Donna and Kelly got married in 1986. Donna's parents had a successful business and gave stock to her. Because she received it in this way, the stock was her separate property despite the marriage. After a while Donna and Kelly became aware of certain tax advantages in agreeing that the shares should be community property instead. This they did, despite another document signed by all the company's owners that required a two-thirds vote to authorize any transfer of the shares.
The couple separated in 2002 and Donna filed to dissolve their marriage. She argued that the shareholders' agreement trumped their community property agreement and made ineffective their attempted change of the stock to community.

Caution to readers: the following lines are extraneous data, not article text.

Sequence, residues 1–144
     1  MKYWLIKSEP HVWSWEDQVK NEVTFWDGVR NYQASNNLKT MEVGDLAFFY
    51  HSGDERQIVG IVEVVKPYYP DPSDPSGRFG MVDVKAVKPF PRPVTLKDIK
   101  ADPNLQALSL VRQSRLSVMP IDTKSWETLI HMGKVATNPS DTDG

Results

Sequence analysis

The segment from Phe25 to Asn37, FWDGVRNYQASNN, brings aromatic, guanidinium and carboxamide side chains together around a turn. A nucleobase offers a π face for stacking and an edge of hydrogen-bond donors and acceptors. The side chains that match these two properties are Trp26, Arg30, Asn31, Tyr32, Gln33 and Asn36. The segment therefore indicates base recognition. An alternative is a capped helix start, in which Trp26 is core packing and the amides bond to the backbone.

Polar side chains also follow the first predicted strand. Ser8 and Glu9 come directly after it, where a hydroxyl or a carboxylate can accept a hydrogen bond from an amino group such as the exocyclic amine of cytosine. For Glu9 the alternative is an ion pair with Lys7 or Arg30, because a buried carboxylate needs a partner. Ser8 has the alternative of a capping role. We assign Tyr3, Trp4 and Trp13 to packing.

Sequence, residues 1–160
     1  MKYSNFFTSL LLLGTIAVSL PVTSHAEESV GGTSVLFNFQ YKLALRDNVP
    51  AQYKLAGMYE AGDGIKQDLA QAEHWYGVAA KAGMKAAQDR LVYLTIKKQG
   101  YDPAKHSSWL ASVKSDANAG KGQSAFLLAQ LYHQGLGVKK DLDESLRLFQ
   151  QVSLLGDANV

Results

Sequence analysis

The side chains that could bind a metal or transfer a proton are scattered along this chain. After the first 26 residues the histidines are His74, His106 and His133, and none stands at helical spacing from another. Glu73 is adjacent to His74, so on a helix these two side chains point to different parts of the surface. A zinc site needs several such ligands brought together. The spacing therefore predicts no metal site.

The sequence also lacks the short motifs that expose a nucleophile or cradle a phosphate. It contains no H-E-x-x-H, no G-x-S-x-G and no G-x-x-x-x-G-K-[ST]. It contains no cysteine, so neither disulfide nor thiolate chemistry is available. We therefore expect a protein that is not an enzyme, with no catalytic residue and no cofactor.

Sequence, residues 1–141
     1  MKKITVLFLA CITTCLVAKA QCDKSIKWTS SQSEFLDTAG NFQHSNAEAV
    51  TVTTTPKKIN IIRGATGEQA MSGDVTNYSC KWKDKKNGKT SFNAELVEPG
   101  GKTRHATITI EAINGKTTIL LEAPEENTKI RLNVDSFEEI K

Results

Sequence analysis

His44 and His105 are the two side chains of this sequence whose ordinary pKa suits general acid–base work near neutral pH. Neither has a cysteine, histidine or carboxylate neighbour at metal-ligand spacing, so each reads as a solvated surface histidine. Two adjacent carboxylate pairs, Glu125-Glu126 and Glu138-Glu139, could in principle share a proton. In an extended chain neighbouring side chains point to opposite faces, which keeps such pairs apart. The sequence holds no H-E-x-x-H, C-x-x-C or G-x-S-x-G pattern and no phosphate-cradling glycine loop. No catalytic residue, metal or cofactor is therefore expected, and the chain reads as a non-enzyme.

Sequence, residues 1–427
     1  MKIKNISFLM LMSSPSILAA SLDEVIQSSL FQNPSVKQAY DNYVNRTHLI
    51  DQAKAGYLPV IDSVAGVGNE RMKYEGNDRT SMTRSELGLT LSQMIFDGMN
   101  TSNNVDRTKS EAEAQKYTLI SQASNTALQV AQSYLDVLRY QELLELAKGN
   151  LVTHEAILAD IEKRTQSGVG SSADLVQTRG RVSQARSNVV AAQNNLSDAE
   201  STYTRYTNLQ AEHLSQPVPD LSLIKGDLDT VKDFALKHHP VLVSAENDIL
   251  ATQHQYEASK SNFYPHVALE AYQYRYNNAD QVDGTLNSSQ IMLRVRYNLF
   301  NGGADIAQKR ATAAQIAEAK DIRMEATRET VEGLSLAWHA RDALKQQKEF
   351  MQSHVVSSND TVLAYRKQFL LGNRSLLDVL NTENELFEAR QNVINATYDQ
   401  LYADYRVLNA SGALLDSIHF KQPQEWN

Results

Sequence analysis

The trial court sided with Kelly, finding that at least as between these two parties for purposes of their marital dissolution, the stock was community property.
Donna took the issue to the Court of Appeals. She repeated her argument of the conflicting shareholders' agreement there. She also contended that the ownership status agreement was invalid because it was done without each party's having a separate attorney. This second is often a consideration in cases where a premarital agreement, a somewhat similar arrangement, is contested. What result for Donna and Kelly?